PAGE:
Heard any good books lately? Probably.
The Audio Publishers Association reports that the audiobook segment of the $27 billion books industry continues to grow. Further, it cites the results of a survey about why people like them: “I can listen in my car,” “They’re portable” and “They help me multitask.” Toward the bottom of the list is, “I like being read to.”
Audiobooks are convenient, entertaining travel companions for road trips and the daily commute. Try these titles from two of the biggest players. All the Macmillan titles listed here are $40; the Simon & Schuster titles are $30 to $50.
Note that the “voice talent” on an audiobook is critical to its success. That job is usually performed by members of the American Federation of Television and Radio Artists, a national labor union. Also, unabridged audiobooks, in which the source material has not been condensed, are more popular than abridged, even though they cost more.
• “Resistant” by Michael Palmer, read by Robert Petkoff: A manmade epidemic is unleashed on the United States. This is Palmer’s 19th medical thriller.
• “Small Blessings” by Martha Woodroof, read by Lorelei King, who narrates Janet Evanovich’s “Stephanie Plum” audios: An English professor is leading a quiet life in a small college town when he’s suddenly informed by an ex-lover that the son he didn’t know he had is on the way for a visit.
• “I’ll Be Back Right After This” by Pat O’Brien, read by the author: In his frank memoir, the veteran sportscaster anecdotally recalls the celebrities, sports stars and politicians he’s interviewed and hung out with, and speaks frankly about “the demons” that nearly killed him.
• “The Kraken Project” by Douglas Preston, read by Scott Sowers: An artificial-intelligence program code-named Dorothy goes rogue and hides inside the Internet, threatening humankind’s existence. Preston and novelist Lincoln Child are the co-authors of the popular “Pendergast” series, starring a Sherlock Holmes-type FBI special agent.
• “The Long Way Home” by Louise Penny, read by Ralph Cosham: Chief inspector Armand Gamache has retired from the Sûreté du Québec and put homicide investigations behind him, but agrees to help find a neighbor’s missing husband.
• “Driving with the Top Down” by Beth Harbison, read by Orlagh Cassidy: An unlikely trio of women — an antiques dealer, her friend who’s running away from her husband and hiding secrets, and a teenage girl – take a long and tumultuous road trip.
• “Midnight In Europe” by Alan Furst, read by Daniel Gerroll: The best-selling author sets his 14 novels in a brief period in Europe shortly before and during World War II. This one finds a Spanish emigré to Paris involved in an arms-smuggling scheme.
• “Walking On Water” by Richard Paul Evans, read by the author: Alan Christoffersen lost his wife and his business, and embarked on a cross-country walk to find new meaning in life.
• “All the Light We Cannot See” by Anthony Doerr, read by Zach Appelman: Events during World War II bring together a blind girl with a secret, and a boy who is drafted into the Hitler Youth movement.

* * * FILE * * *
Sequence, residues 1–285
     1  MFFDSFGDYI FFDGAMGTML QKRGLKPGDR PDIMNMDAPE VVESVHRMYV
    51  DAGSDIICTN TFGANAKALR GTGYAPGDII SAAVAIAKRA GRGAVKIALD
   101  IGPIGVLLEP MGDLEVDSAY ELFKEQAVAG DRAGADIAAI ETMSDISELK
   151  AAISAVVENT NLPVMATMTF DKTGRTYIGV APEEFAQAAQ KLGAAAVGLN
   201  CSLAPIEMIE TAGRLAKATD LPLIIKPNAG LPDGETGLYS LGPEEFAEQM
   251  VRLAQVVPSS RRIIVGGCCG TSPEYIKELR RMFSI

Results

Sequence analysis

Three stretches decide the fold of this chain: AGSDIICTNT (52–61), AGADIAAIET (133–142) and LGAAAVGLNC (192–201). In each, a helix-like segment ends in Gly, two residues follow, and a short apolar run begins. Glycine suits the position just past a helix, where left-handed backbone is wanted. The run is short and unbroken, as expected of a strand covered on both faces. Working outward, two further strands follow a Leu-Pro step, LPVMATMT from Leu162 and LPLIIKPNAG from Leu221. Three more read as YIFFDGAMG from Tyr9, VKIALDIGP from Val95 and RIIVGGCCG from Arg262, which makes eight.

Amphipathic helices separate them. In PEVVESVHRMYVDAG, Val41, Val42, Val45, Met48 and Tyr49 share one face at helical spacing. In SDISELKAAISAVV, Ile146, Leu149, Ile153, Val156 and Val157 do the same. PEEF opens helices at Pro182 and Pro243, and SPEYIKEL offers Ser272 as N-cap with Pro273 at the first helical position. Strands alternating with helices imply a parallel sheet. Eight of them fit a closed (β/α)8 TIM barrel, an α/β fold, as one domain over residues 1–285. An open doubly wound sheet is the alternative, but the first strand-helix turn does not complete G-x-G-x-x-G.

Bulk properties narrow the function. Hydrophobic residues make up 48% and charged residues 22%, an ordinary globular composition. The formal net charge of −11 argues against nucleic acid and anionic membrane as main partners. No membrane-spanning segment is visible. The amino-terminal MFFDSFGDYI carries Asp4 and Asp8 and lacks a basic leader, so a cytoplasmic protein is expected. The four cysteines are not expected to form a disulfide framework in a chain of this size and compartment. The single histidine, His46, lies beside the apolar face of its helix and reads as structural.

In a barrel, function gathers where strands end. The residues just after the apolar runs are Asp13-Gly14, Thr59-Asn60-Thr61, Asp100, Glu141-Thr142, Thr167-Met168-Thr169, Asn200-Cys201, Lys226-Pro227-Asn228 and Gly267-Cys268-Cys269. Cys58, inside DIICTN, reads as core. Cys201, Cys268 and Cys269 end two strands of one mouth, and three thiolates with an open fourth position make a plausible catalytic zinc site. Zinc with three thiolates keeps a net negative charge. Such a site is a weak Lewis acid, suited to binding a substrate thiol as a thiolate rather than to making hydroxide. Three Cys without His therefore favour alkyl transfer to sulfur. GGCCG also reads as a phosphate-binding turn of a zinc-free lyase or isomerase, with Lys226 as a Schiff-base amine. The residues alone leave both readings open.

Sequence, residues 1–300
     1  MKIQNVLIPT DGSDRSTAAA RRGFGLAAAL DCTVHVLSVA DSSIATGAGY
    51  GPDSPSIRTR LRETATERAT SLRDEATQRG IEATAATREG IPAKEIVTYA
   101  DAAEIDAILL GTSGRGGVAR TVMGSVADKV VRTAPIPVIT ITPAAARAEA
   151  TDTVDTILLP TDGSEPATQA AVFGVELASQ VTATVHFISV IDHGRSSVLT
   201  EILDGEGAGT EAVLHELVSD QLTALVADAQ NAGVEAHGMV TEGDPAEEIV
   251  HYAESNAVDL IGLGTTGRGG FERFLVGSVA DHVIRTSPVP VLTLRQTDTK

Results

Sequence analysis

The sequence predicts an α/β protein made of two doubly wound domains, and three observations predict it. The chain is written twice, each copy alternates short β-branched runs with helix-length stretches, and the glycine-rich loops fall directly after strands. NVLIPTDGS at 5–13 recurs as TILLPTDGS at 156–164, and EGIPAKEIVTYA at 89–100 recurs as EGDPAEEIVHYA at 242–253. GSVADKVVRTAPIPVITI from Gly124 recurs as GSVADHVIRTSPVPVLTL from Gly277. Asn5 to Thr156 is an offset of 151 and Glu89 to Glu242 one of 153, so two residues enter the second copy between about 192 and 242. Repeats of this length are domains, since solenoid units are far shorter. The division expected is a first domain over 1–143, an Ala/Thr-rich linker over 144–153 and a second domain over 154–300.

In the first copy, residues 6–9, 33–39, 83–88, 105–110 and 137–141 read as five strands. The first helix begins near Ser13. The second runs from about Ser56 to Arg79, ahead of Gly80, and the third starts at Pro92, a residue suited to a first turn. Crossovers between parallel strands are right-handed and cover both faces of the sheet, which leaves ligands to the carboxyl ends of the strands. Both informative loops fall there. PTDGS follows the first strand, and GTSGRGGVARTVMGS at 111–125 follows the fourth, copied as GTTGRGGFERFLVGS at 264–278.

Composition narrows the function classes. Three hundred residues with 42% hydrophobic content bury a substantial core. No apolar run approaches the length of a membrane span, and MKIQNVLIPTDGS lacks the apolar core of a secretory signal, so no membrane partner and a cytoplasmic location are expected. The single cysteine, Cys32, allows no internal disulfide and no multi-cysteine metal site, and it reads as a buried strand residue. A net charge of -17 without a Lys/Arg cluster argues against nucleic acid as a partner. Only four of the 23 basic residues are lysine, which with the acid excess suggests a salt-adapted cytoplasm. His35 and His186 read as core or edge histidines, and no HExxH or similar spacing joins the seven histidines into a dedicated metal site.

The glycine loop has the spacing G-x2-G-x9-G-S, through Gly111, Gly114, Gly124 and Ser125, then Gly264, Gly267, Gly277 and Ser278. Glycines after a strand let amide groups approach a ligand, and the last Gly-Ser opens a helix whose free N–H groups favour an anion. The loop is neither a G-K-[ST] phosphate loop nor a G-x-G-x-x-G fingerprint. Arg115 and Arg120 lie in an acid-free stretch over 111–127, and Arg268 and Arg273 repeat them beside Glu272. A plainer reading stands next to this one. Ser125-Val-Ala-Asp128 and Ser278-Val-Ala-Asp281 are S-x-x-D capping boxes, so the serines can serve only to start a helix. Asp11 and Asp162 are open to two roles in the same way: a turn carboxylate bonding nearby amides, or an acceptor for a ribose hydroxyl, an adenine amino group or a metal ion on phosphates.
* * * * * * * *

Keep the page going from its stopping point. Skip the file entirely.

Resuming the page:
• “City of Heavenly Fire” by Cassandra Cloare, read by Jason Dohring and Sophie Turner: The conclusion of the best-selling “Mortal Instruments” YA fantasy series. The Shadowhunters want to save the world from the Demons.
• “All Fall Down” by Jennifer Weiner, read by Tracee Chimo: A happily wed businesswoman with a loving family quietly slips into addiction to prescription drugs. Can she climb out on her own?
• “Magnificent Vibration” by Rick Springfield, read by the author: The rock ’n’ roller-actor’s debut novel is a strange journey about a guy who finds a phone number that connects him with God. Consequently, he and a sexy travel companion named Alice are given a mission.
• “Counterfeit Lies” by Oliver North and Bob Hamer, read by Peyton Tochterman: An undercover FBI agent-assassin is caught in an international web of intrigue and danger. North once worked in counterterrorism for the National Security Council. Hamer spent 26 years with the FBI, some of it in undercover operations.
Worth a look in print
This pairing could work well in the natural world:
• “The Outdoor World of the Sacramento Region,” co-edited by Peter J. Hayes, Peggy Kraus-Kennedy and Molly Keller (American River Natural History Association, $17, 236 pages,www.arnha.org
): Take along this field guide to spot all of our area’s flora and fauna; with descriptions and more than 250 color drawings.
• “The Big, Bad Book of Botany” by Michael Largo (William Morrow, $19, 416 pages): This combination of history, mythology, lore, science and sheer entertainment takes us on a tour of the world’s most unusual plants. With B&W illustrations.
Or consider one from this eclectic trio:
• “I’ve Still Go It ... I Just Can’t Remember Where I Put It” by Jenna McCarthy (Berkley, $16, 320 pages): If women are in need of a very funny yet practical “middle-age manifesto,” this is it. The 40-something wife and mother passes on the wisdom she’s learned from trying to face the fact that she’s not quite who she used to be.
• “The Truth Is a Cave in the Black Mountains” by Neil Gaiman, illustrated by Eddie Campbell (William Morrow, $22, 80 pages): In typical Gaiman fashion, the novella moves beyond appearances. It’s a poetic, philosophical journey to self-discovery that happens to be presented as a quest by adventurers to find gold in a remote cave in the mountains of Scotland.
• “Just My Typo,” compiled by Drummond Moir (Three Rivers, $12, 192 pages): Typographical errors show up everywhere, all the time. Some are more egregious than others, as this collection (with context) shows. How about these sentences from various job applications: “I have a graduate degree in unclear physics.” “I am a rabid typist.” “As part of the city maintenance crew, I repaired bad roads and defective brides.”